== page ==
The president’s withdrawal from economic issues leaves politicians of a certain type with room to maneuver. Their hope is to formulate a new economic path that they may even be allowed to put into practice. If they are lucky, and if Putin decides to vacate the Kremlin in 2024, they will be implementing this path from the office of the president.
Something has obviously changed in the legal system, and that something is the logic of repression. Despite all the skepticism, it seems that public opinion does play a role in the degree of repression in each particular case.
Although former Moscow Mayor Yury Luzhkov was actually the first senior official to demand the return of Crimea, he remains best known for his signature cap and businesslike approach to managing the capital.
Solving humanitarian problems and stabilizing the area around the line of contact is the bare minimum outcome of talks on Ukraine that all sides consider necessary. At the same time, each side suspects that for its opponents, this minimum is also the maximum in terms of what is politically acceptable.
Moscow never wanted an annexation—it just wanted a bargaining chip. Understanding that is the key to settling the conflict once and for all.
Russia needs Belarus and Lukashenko to serve as an alluring example to other post-Soviet rulers of how beneficial integration with Russia can be. As long as Moscow has the ambition of preserving its influence over the post-Soviet states, any Russian leader will need Lukashenko as a showcase ally.
The Power of Siberia pipeline is a long overdue step in the right direction in developing the strategic relationship with China in the gas sector. Yet plenty of questions remain about the implementation of future pipeline projects.
Macron is right about the need to see relations with Russia in the context of a changing international system. At the same time, there must be a sober assessment of what is and is not possible between the EU and Russia.
The combination of aggressive conformism and petty indifference is the basis of the regime’s popular support.
Beijing perceives the U.S. withdrawal from the INF and possible deployment of ground-based missiles to Asia as part of Washington’s broader campaign to contain China. Overall, China can be fairly confident regarding its chances in a potential missile race in Asia, thanks to several advantages.
Multilateralism should not be conceived as necessarily cooperative: one set of multilateral institutions can be used to challenge another set.
The ruling party will clearly retain its central place under any future scenario for the transition of power, and anyone who hurries to jump on the bandwagon today will likely come out on top.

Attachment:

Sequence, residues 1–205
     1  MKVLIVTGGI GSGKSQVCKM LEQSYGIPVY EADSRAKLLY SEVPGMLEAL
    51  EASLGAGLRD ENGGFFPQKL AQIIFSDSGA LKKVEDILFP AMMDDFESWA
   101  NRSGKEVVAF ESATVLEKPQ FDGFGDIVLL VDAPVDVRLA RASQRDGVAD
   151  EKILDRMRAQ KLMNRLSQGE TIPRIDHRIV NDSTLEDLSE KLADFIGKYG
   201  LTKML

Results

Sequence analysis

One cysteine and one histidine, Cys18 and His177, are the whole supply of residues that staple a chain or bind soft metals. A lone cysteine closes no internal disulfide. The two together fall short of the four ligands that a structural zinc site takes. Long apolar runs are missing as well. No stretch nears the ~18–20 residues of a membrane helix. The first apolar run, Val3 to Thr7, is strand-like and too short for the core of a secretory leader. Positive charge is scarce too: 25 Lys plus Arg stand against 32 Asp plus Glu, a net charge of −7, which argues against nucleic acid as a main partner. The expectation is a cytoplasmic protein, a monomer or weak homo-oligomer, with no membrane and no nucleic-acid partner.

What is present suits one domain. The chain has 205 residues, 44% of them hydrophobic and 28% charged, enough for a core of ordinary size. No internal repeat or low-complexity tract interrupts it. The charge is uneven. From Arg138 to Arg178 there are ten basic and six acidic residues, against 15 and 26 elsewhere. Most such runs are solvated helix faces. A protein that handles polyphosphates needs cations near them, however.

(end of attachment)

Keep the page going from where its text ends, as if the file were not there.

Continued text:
So long as Serbia does not formally recognize Kosovo’s independence, it must rely on Russia’s veto power in the UN Security Council. That dependency gives Russia a nontrivial degree of influence, both in the region and within Serbia itself.
The pro-Russia Party of Socialists of the Republic of Moldova has managed to accumulate an impressive amount of institutional power. But this concentration of power brings not only advantages, but also greater vulnerabilities, especially when there are plenty of destabilizing factors at work, from uncertain gas supplies to mass voting by residents of the breakaway region Transnistria.
This podcast focuses on Russian trade since 2014, when the country started to turn away from the West and increase its exposure to China. Podcast host Alex Gabuev is joined by Tatiana Flegontova and Janis Kluge.
Russia and China’s strategic military cooperation is becoming ever closer. President Putin has announced that Russia is helping China build an early warning system to spot intercontinental ballistic missile launches.
The Russian authorities’ attempts to improve conditions for entrepreneurs are not very predictable, and the new investment regime is constructed in such a way that state control over investment projects will grow, while most state support will go to state capitalists and companies close to them.
Russia is back and here to stay. Others had better accept it and learn to deal with it — without undue expectations, but also without inordinate fear.
Zelensky’s economic path has turned out to be as contradictory as his political path. Various promises ranging from libertarian reforms to classic social populism are hindering the implementation of any meaningful policy.
Russia’s suggestion that Belarus resurrect a 1999 agreement to get compensation for Russia’s oil tax maneuver looks fairly cynical to Minsk. After all, by joining the EEU, in which single markets—including for energy commodities—are supposed to be created between 2018 and 2024, Belarus has already paid for all of its tariff preferences.